The team developed several key elements needed to execute the project from start to finish, including an integrated master schedule and defined project organizational resource charts. Team Stryker created a specific working group for each scope of work —13 different working groups each responsible for their own scope of work and deliverables, and for developing, evaluating, and negotiating all elements of the proposed contract. “To say it’s a huge task would be an understatement,” said Dopp.

    “This project was successful because of Team Stryker’s ability to define and communicate the details of a highly complex and integrated project,” said Scott Davis, the Army’s Program Executive Officer for Ground Combat Systems. “To increase efficiency and reduce cost, the team defined and obtained approval to implement a staggered proposal submission and award schedule for each of the 13 distinct scopes of work, allowing the project to be managed within existing resources.”

    Davis added, “What is truly significant about this award is that it demonstrates the incredible attention to detail and adherence to best business practices that the Styker team goes through every day. Our most important mission is to provide Soldiers with ground combat systems that are adaptable, versatile, and affordable, all while ensuring we provide the taxpayer with the kind of value they deserve.”

    • Bill Good is with Program Executive Office Ground Combat Systems Public Affairs.

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  • MICC Program Offers Acquisition Career Road Map

    Daniel P. Elkins

    The Acquisition Workforce Civilian Leadership Development Program takes a four-phase approach to ensure that all aspects of an employee’s career are considered, to maximize professional development. (U.S. Army illustration.)

    Officials at Fort Sam Houston, TX, have developed an Acquisition Workforce Civilian Leadership Development Program, offering contracting professionals a structured, detailed road map for career management.

    The program was created for the Mission and Installation Contracting Command (MICC) workforce, but officials from the U.S. Army Contracting Command (ACC) exploring a similar program recognized its value to the broader Army acquisition community. The program is scheduled to launch this spring.

    “The Army is committed to replenishing and growing our professional acquisition workforce through the enhancement of career development programs and training opportunities,” said BG Stephen Leisenring, then MICC Commanding General. “Professional development serves as a powerful tool in defending this Nation and provides the processes to acquire needed capabilities.”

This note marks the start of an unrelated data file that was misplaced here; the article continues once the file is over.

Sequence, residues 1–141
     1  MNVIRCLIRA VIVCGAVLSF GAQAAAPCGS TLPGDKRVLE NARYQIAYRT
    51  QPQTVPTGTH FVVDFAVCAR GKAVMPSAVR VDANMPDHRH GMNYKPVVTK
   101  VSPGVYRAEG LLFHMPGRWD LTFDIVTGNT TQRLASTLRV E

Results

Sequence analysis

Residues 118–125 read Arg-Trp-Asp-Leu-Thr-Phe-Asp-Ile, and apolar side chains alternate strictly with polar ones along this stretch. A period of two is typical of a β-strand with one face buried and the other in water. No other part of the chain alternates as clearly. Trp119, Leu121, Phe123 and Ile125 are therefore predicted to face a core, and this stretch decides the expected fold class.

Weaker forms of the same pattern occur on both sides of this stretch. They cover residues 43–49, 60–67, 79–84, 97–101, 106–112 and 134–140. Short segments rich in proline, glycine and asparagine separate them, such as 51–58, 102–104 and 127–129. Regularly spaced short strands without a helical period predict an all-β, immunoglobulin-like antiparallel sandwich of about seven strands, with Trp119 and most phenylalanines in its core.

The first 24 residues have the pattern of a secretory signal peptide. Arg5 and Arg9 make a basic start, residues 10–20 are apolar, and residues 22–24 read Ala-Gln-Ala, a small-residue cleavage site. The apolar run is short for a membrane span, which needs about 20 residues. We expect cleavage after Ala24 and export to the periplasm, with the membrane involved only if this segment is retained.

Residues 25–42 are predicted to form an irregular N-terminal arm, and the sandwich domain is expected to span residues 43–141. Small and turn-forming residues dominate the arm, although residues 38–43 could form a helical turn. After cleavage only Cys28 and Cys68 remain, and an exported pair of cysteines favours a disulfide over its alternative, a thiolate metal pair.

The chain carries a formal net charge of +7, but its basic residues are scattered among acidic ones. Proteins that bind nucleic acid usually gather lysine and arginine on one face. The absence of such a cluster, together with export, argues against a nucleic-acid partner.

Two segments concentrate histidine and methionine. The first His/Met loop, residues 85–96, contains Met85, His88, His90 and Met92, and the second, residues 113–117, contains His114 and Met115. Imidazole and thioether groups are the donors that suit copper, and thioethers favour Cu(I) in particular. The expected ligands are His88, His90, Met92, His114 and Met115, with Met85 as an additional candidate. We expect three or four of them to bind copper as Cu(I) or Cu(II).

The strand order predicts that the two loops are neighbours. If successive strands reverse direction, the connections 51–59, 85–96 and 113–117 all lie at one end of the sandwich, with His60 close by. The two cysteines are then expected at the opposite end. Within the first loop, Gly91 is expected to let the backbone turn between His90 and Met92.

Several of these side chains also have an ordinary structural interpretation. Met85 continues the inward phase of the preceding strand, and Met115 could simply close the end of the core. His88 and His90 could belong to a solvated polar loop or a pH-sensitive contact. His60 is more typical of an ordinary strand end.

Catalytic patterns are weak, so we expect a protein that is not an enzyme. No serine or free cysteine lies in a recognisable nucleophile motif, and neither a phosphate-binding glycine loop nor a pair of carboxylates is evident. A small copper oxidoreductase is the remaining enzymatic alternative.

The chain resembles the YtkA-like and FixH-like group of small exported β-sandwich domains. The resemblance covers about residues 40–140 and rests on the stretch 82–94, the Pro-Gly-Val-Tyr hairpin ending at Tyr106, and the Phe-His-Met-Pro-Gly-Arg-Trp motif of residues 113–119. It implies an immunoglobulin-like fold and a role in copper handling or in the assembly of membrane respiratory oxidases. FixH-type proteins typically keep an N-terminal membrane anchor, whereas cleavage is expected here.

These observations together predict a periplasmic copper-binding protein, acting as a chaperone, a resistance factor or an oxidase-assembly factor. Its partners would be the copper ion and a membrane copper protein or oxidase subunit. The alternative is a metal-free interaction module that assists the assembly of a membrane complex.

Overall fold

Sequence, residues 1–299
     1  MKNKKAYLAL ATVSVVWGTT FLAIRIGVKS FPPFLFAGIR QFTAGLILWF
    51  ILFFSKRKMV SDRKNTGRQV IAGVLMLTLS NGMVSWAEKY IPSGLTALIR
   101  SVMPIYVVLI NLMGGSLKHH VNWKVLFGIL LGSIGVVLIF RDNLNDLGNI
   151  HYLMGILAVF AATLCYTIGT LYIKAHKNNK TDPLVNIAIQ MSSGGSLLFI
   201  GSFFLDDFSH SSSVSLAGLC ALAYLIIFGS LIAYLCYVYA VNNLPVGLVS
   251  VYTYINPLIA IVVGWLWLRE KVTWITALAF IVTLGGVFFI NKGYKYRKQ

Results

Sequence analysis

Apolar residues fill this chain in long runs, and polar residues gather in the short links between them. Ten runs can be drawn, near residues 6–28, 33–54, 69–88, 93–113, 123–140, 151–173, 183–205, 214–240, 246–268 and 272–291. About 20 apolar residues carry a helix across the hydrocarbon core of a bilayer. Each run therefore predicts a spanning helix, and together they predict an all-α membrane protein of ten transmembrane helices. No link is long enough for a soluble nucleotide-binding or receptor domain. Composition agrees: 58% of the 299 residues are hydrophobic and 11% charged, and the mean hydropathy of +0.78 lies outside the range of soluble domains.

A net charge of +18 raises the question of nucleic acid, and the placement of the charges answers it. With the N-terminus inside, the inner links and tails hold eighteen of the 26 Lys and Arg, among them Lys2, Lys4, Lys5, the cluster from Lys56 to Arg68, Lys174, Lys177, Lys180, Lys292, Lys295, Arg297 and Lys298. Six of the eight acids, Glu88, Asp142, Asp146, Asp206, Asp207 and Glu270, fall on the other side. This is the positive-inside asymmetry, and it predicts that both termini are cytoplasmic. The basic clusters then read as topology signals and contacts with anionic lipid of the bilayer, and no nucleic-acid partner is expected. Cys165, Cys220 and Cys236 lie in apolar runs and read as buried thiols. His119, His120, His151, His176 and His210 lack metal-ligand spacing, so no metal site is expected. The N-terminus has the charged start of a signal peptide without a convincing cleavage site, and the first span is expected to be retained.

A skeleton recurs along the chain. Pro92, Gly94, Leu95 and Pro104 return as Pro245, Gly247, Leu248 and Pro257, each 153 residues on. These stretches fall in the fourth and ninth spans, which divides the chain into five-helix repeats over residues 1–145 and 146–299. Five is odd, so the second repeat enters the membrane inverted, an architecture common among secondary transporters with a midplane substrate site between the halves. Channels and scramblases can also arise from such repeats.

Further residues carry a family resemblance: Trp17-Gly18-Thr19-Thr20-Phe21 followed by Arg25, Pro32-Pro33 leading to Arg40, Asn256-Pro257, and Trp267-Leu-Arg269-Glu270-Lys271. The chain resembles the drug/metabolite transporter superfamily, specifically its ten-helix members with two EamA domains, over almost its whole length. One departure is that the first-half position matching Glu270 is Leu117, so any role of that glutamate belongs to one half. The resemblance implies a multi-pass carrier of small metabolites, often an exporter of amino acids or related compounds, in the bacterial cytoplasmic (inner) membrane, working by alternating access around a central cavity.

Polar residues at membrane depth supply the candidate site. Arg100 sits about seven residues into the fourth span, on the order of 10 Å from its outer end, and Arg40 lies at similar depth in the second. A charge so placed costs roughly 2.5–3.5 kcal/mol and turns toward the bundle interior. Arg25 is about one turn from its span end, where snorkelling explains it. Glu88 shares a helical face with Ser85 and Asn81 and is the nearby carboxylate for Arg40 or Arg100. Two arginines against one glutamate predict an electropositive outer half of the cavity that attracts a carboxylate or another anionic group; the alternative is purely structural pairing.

The overarching objective of the program is to build a cadre of acquisition workforce members using various tools and developmental opportunities with an eye to future leadership roles, said Wiley Cox, a Procurement Analyst with the MICC Acquisition Workforce Development and Training Branch. He said an assessment of the organization revealed a gap in aligning the workforce with professional development.

    “We realized there was a disconnect between individual aspirations and decision makers who can match individuals to opportunities,” said Cox, who drew on his previous Air Force experience as one of the architects of the MICC program. “The Acquisition Workforce Development and Training Team designed a program within the MICC that will develop our future leaders.”

    The program, fashioned after the Army Workforce Development Roadmap for the contracting and acquisition career programs, uses a four-phase approach, starting with establishing career development road maps.

    “Contracting career field members who elect to participate will now have the unprecedented ability to directly communicate their career aspirations to senior leaders, who will then provide a strategic perspective on individual career paths,” Cox said. “This new avenue of communication will serve to identify future leaders and also arm individuals with recommendations that allow them to maximize their growth potential.”

    Members who complete a road map should highlight functional competencies and significant business, professional, and leadership skills. Senior leaders then review the road maps, taking into consideration technical competencies, business acumen, leadership skills, and training and education accomplishments that they want to encourage at the tactical, operational, and strategic levels.

    We realized there was a disconnect between individual aspirations and decision makers who can match individuals to opportunities.”

    The second phase entails completion of a contracting career development plan, consisting of an employee’s present and past experience as well as short- and long-range goals, according to Lorraine Massie, MICC Contract Operations Division Chief. This step also includes an assessment and recommendation by an individual’s supervisor.